Now looking at the bigger picture, if we took the 3.5 MJ of daily excess from a single man and multiply by the world population of roughly 10 billion, we have 3.5 × 1016 joules. Then multiply that by the 365 days in a year for a total of 1.3 × 1019 joules per year. Unfortunately our grand total, which is an overestimation, is an order of magnitude less than the world energy budget of 5.5 × 1020 joules. [6]

And so essentially, these numbers from the previous two paragraphs make it clear that not only is Pavegen's product rather inefficient at converting human produced kinetic energy into usable electricity, but if we were to total all of the energy humans are capable of producing, it is still much less than the amount of energy the world uses.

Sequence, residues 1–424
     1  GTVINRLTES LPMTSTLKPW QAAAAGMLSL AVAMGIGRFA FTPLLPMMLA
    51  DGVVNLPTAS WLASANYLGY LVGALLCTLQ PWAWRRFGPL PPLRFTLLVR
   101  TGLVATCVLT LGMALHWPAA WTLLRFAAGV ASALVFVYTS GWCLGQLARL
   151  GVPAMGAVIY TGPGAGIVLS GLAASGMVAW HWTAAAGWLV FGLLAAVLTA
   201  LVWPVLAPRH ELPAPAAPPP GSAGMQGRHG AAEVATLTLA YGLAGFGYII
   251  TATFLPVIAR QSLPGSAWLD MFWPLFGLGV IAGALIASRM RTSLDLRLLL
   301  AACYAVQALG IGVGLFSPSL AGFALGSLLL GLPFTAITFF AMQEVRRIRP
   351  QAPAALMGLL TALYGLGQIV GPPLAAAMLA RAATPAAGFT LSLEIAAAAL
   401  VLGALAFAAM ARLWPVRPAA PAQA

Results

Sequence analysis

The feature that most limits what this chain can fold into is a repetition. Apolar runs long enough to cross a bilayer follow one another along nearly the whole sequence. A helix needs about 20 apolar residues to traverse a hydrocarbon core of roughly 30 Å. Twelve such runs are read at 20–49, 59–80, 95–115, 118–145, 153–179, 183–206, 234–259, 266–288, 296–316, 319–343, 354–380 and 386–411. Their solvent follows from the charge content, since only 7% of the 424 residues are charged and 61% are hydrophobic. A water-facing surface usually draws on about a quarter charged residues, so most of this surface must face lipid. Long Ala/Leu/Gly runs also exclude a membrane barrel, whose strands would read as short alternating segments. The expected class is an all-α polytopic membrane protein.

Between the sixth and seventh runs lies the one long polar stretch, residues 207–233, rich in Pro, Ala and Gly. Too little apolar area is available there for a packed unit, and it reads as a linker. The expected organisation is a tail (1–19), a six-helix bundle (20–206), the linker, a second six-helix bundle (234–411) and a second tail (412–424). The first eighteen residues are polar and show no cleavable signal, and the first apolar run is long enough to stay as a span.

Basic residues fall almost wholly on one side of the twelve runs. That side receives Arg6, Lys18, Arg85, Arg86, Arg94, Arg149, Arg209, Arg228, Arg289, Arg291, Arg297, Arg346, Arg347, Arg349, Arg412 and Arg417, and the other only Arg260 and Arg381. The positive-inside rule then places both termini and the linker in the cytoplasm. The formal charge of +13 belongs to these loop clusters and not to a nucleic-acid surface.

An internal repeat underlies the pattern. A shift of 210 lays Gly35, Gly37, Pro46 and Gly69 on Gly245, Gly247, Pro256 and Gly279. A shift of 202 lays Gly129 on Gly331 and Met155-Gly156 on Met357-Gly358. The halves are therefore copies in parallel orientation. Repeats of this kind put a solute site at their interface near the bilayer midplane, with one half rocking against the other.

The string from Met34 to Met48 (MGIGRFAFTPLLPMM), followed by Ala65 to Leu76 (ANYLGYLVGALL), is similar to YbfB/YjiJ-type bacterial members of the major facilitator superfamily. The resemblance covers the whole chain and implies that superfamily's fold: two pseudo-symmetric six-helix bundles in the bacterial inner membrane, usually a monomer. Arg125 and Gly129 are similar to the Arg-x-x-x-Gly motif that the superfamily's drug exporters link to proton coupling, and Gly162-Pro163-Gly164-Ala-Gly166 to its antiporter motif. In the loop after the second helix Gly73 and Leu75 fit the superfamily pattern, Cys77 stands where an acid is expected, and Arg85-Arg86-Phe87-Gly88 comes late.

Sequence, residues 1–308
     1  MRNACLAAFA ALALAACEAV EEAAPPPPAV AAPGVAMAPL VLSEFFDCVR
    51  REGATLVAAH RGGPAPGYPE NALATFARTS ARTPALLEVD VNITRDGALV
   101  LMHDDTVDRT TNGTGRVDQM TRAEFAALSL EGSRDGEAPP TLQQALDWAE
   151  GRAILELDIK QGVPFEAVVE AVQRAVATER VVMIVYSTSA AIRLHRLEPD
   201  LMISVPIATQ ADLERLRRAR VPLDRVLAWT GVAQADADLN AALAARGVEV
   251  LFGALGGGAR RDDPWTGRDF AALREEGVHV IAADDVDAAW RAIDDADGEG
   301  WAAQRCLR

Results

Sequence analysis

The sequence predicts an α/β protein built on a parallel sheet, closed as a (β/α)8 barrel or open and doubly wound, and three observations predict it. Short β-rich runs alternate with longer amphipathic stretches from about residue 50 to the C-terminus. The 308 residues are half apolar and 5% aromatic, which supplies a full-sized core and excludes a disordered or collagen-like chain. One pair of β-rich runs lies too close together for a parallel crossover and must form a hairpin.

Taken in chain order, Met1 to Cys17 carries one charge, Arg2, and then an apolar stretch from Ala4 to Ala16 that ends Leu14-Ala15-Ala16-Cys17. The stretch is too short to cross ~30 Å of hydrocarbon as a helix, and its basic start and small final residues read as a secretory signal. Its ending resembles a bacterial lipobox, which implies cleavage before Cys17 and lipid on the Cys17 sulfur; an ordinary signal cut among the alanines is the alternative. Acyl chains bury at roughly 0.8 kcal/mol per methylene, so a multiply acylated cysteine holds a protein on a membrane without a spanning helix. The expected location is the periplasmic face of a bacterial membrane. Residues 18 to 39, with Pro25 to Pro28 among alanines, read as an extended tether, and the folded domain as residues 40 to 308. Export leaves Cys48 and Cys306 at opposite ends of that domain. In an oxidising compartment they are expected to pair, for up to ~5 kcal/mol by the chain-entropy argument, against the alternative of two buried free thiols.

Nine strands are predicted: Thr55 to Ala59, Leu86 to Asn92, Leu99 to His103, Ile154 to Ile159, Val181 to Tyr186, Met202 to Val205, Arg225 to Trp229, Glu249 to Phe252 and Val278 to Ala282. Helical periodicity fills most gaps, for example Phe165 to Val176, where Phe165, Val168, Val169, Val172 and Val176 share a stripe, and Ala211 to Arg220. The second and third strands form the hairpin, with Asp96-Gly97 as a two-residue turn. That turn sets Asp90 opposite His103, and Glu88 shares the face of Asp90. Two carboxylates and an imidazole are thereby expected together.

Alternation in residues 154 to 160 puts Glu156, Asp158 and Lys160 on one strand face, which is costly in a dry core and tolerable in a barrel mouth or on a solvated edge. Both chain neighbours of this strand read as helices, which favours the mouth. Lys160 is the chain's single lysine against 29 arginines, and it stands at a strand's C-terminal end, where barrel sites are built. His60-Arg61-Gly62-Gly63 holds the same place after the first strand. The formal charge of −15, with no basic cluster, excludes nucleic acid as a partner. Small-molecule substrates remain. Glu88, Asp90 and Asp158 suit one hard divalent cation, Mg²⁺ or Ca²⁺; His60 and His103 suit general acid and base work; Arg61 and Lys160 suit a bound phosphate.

Pavegen's Niche in Society

So now here we stand, with an incredibly innovative and hopeful technology that has an unfortunately high cost and comparatively low energy output. However, personally, I am optimistic. I am of the mindset that any little bit helps and using footsteps to charge cellphones at a concert or light Christmas lights in a mall means saving that little bit of non-renewable energy for future use. I also want to give Pavegen a round of applause for pushing the boundaries and for helping the world to be more receptive to other technologies like Bionic Power, a knee brace that harvests energy while walking. [7] And I also have faith that Pavegen will continue to improve on its technology and lower costs.